The earthquake that put Haiti on the brink of collapse also propelled the U.S. military neck-deep into Web 2.0 and social networking to coordinate a tactical plan for aid. The military has now put its entire effort on the Internet in an unclassified environment for the first time in history.
“We had a pregnant woman about to give birth who needed to be evacuated,” recounted Brigadier General Michael Shields, director of the National Joint Operations Intelligence Center (NJOIC) from his subterranean headquarters at the Pentagon. “We had the Marines and the Navy coordinating their entire effort to get this woman onto the USS Carl Vinson via Jabber chat.” Shields was referring to a Web-based forum popular in the commercial sector. The fast-moving threats that emerged in the wake of the Internet boom and 9/11 forced the military to reevaluate some of the secrecy and bureaucratic obstacles that has been standard operating procedure during the slow-moving Cold War.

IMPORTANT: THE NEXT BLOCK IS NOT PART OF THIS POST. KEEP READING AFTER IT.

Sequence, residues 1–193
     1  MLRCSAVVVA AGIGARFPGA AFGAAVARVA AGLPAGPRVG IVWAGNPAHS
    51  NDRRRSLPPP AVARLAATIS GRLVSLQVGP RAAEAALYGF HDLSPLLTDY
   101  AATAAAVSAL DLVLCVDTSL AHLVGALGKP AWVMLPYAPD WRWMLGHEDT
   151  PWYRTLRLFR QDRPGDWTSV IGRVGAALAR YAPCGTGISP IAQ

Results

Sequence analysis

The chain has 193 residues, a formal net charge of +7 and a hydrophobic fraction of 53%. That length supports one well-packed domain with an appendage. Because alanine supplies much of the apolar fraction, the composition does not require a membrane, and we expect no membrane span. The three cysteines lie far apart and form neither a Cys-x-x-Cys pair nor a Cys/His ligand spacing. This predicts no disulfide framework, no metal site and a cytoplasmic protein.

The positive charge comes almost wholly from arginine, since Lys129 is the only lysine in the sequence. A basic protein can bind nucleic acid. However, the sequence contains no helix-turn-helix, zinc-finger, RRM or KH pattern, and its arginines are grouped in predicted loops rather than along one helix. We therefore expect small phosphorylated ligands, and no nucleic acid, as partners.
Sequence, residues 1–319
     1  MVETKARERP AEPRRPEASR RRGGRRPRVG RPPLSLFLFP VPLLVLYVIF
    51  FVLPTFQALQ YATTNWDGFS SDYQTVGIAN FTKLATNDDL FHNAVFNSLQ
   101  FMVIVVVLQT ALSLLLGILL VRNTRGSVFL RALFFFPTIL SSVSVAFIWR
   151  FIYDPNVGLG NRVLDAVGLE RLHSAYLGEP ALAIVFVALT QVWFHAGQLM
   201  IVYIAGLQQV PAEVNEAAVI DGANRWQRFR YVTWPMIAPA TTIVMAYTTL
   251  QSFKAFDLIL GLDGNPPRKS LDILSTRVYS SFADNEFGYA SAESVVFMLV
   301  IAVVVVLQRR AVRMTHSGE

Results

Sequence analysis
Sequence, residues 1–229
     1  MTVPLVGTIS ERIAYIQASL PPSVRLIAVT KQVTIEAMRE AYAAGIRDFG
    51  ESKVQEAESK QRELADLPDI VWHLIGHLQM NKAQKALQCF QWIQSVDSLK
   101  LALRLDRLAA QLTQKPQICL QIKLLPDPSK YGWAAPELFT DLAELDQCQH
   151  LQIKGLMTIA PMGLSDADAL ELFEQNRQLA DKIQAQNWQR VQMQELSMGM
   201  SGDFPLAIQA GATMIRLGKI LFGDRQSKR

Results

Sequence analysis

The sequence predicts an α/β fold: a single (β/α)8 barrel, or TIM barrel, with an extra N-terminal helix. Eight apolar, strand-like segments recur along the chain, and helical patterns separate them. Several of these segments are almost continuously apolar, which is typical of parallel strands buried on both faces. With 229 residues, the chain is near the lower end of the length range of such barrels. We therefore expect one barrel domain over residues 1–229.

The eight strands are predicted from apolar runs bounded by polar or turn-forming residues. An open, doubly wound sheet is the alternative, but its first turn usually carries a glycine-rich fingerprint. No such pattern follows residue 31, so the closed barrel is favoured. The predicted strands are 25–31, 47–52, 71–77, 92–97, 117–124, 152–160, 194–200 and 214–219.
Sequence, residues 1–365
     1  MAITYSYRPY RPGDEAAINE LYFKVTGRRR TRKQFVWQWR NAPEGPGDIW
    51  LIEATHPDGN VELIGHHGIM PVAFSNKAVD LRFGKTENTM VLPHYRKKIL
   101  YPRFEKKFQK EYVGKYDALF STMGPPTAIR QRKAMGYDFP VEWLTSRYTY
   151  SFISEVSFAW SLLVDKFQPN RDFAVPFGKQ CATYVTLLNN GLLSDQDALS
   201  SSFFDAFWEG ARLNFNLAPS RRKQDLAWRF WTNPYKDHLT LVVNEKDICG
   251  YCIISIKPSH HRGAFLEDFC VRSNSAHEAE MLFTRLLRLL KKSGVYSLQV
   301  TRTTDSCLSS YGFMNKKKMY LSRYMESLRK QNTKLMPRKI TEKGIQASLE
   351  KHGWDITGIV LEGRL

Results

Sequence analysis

“The military is embracing a number of collaborative tools; chat, wikis, blogs, SharePoint and environments like APAN to get information out of channels and onto platforms,” said the NJOIC’s Chief Knowledge Engineer Scott Yaroschuk. “The goal is to increase collaboration, enhance access to data, reduce phone and email traffic, save man hours and ultimately speed decision cycles.” Yaroschuk pointed out that that all these small steps together herald a revolutionary cultural change from the military’s entrenched “need to know” mentality to one of “need to share.”
“Haiti has been a catalyst for us,” U.S. Coast Guard Capt. Tom Maine said. “It has shown us things we didn’t even know we were capable of.” In a single day, the helicopter pilot learned to develop a wiki and was able to share mission-critical information with hundreds of users thousands of miles away. “It’s amazing how easy to use it is.”